I have been studying Druidism for 4 years now and must claim this, as well as the 21 Lessons of Merlyn, to be the most intellectually stimulating book on the subject. Most books will provide you with few facts and practices for you to try out, not only are you presented with all this in the text of the Lost Books, but is as well entertaining to read. And to those to call this book sexist, remember that this grand age of equality hasn't always existed and it is more than likely that men were the main members of the order. And as to those that will argue the validity of the text on which this book is based, even if it is based on a forged text it still provides a valid path. I say the sooner we realize that any druid path may be valid, seeing how druidism died out with the coming of the Christian era leaving us with very little text to remember it by, the sooner the ignorant fighting over validity may end, for surely all of the paths of today provide us with at least a piece of validity if nothing more.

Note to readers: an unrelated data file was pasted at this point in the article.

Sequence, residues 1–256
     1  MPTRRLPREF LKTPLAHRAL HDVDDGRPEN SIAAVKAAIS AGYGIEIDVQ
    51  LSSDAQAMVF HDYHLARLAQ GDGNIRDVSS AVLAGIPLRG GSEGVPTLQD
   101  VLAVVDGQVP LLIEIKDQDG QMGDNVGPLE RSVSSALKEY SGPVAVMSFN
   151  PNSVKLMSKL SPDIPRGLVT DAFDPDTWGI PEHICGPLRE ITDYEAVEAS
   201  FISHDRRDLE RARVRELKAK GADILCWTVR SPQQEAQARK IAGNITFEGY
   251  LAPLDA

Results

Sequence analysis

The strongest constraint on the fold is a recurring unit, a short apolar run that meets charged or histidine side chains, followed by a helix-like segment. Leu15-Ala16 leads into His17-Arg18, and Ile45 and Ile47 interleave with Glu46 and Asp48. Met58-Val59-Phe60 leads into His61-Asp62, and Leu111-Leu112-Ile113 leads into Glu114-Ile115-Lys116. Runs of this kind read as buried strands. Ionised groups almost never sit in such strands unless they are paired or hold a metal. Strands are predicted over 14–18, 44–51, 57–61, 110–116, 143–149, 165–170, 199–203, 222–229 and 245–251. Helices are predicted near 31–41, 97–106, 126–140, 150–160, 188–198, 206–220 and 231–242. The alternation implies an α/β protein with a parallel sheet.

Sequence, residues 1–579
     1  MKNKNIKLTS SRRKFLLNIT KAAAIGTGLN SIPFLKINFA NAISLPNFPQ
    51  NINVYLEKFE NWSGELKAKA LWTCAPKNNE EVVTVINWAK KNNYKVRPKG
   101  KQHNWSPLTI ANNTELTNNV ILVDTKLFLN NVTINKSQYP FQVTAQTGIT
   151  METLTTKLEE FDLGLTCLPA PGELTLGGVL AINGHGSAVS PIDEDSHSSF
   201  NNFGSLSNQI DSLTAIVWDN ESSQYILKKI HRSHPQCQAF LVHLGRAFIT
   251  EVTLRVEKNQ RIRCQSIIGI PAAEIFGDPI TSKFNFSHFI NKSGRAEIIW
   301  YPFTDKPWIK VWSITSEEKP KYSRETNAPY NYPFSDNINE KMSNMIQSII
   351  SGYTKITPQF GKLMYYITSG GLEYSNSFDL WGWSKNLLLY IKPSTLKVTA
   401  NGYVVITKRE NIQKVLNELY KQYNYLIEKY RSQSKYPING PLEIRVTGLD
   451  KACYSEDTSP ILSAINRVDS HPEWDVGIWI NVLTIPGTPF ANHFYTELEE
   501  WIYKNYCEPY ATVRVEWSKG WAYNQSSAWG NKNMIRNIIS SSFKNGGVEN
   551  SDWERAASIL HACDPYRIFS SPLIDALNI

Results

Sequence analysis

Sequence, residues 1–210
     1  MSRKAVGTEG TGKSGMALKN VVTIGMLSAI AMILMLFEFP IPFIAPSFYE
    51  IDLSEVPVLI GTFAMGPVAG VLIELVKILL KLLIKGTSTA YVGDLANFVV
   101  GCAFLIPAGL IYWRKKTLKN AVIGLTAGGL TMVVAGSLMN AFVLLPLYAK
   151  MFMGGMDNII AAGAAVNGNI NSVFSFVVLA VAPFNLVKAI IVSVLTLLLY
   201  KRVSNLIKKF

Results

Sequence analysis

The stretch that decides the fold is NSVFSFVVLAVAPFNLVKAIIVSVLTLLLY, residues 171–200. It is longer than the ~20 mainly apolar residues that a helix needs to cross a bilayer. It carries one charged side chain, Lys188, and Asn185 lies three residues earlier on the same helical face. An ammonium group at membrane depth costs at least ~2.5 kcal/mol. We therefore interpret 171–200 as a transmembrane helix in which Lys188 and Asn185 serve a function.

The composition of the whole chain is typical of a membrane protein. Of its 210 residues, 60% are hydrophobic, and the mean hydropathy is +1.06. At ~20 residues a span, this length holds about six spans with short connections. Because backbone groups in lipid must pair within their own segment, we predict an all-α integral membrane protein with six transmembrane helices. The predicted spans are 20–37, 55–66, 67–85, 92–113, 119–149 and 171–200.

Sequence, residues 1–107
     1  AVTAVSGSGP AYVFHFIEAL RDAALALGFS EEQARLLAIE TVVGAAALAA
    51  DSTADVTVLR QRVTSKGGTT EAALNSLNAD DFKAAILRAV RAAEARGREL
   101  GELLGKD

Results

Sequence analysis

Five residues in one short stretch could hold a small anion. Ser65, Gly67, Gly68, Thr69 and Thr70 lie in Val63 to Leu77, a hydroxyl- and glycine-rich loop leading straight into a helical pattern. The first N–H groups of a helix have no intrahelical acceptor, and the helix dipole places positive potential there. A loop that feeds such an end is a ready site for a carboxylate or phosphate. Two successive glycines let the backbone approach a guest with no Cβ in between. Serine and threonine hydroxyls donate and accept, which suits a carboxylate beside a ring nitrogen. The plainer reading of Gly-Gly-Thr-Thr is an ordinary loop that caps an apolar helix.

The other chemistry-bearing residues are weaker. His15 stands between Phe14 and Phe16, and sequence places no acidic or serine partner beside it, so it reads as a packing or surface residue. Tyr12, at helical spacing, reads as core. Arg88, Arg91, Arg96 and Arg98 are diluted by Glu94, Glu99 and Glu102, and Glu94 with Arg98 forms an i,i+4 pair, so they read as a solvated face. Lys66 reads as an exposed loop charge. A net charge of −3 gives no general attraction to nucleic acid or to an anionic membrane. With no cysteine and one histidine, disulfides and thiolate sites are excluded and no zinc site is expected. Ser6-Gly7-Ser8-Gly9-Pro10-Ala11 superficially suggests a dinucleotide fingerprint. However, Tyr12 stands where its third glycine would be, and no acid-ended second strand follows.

Many people have questioned as to the "truth" or "false promises" behind Monroe's novels and to tell the truth, I was more skeptical than most, being a truth seeker and avid explorer of Philip Car-Gomm. Interrelatedly, there are many who question the Pherylt as effiable subject material. Many Car-Gomm followers who have done their READING and not just skimming of his books will find references to the Ferylt, merely another translation of the same material (READ The Book of Druidry, written by Ross Nicols and edited by Car-Gomm).As to some of Monroe's personal feelings regarding authenticity, he comes right out and says that there were female druids (contrary to popular gossip belief), but yes, anyone who has studied historical aspects of the same will tell you as well that it was a seperate and cooperative organization. Enough slander has abounded, and beyond, before you attempt to tear into this book, please read it. There is both truth and lies in everything.